If we look back at the pesukim in Bamidbar perek 15, we notice a few interesting things. Firstly, the mitzvah of nesachim is given as mitzvah contingent on the Jews arrival in Israel. Secondly a ger is specifically included in this mitzvah, not once but four times. The Ramban picks up on the first point and says that the reason that the Jews got the mitzvah of nesachim now is because the Jews needed consoling. Hashem was telling the Jewish people that even after their sin of the spies they were going to get into Israel and by giving them a mitzvah taluy baaretz they were consoled. The Abarbanel takes this idea and expands it.

The Abarbanel starts of by asking a whole bunch of questions on this parsha, the first two being the ones that we raised. Why did the Jews get this mitzvah now, and why is a convert singled out in the mitzvah? He starts off like the Ramban that after the sin of the meraglim, the Jews needed consoling. Why was this the mitzvah given to console them? What’s special about wine, oil and flour? These things were lacking in the desert and Hashem was promising the Jews that they would be abundant once they got into Israel. These three specific items also happen to be some of the main things that Israel was promised to have- Dagan, Tirosh, and Yitzhar. In many ways it sounds like this was a new Brit for all of Klal Yisrael, a promise that they would get to Israel, and it explains many dinim about nesachim. It sounds as if Hashem is giving them a mitzvah directly opposing their mistake, they were motzei shem ra on Israel, and Hashem is promising them that Israel will have all that they need. This is literally a mitzvah coming from the land of Israel! Through this idea we can explain a whole bunch of laws surrounding the nesachim.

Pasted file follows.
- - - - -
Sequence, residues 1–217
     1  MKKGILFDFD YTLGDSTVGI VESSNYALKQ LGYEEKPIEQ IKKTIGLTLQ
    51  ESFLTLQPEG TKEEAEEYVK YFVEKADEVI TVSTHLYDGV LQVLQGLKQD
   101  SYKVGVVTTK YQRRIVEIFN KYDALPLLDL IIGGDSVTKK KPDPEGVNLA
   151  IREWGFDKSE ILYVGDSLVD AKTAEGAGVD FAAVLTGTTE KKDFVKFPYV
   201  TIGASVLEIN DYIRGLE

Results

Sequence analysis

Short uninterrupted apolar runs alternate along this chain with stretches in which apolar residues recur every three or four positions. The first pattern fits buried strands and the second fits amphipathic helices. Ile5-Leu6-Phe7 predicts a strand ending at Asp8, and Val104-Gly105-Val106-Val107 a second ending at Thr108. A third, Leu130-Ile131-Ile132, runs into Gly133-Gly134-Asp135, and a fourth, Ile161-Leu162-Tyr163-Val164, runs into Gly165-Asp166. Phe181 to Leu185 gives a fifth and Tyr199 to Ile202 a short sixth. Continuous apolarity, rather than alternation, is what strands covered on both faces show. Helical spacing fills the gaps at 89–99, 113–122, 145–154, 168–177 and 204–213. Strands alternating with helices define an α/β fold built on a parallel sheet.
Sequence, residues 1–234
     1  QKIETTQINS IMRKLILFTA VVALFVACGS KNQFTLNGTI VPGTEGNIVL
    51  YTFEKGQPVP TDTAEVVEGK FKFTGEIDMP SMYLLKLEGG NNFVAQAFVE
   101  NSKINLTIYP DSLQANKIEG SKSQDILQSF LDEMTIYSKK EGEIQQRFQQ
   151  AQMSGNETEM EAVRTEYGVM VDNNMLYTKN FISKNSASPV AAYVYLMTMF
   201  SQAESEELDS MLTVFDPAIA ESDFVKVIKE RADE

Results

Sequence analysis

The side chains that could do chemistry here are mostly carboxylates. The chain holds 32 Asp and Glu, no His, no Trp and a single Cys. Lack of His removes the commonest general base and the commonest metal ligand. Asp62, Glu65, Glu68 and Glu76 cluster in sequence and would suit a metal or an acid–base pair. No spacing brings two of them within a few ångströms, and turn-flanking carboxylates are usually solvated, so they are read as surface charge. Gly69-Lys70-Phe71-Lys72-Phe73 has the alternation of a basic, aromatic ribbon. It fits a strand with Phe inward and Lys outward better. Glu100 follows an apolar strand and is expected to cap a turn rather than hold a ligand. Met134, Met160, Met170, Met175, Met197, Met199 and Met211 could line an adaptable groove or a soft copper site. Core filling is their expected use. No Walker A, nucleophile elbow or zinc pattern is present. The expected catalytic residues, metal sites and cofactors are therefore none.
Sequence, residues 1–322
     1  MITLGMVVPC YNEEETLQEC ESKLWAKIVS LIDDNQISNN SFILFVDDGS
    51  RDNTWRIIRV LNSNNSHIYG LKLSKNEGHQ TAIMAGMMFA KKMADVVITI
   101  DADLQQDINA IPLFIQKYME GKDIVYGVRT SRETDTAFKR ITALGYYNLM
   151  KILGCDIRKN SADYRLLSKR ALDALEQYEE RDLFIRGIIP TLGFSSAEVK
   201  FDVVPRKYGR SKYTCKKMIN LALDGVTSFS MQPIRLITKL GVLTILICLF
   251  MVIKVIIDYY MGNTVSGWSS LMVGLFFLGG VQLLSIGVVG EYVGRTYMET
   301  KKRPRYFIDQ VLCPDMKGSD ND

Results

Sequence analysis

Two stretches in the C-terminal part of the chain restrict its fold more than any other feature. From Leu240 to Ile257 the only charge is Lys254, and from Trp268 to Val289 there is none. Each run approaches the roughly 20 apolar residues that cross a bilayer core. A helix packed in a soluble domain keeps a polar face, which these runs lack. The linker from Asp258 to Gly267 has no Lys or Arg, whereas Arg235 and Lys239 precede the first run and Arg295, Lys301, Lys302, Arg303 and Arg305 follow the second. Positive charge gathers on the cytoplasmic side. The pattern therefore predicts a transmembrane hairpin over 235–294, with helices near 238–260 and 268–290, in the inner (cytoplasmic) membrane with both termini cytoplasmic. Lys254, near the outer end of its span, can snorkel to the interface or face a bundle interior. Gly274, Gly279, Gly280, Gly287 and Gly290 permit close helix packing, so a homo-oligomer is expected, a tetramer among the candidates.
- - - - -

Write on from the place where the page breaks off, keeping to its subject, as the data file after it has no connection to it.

Why did the Torah here single out the ger? We know in general that a non-Jew when he brings a karban he does not bring nesachim with it. The Torah here is saying that when you convert, don’t think that you should stay to your old ways and bring karbanot without nesachim like you once did. Rather, you are now also part of this new brit with Hashem, and you too now should bring nesachim to reaffirm this brit. Through this understanding, we can now also re-explain the גמרא in berachot. Just as nesachim are some type of brit with Hashem, and without them something is lacking, so too in reciting shema without tefillin are we missing part of the brit as the tefillin are the signs of our brit with Hashem. They are a sign on our arm and on our heads that we are Hashems people. This idea also explains an interesting medrash. When Avraham defeated the kings, Malki Tzedek came out to greet him with wine and bread. Rashi brings down a medrash that this is a hint to the nesachim. What does this mean? As we know from the next parsha of brit ben habetarim, Avraham here was also worried that he now wasn’t going to get the land. He too needed reassuring from Hashem and that came now. If we are to take this medrash literally and say that there was an actual hint to nesachim here, they would be accomplishing the same purpose as they do in Bamidbar. They are symbolic of a brit between Hashem and the Jewish people, and a promise that the Jewish people will eventually make it to the land of Israel.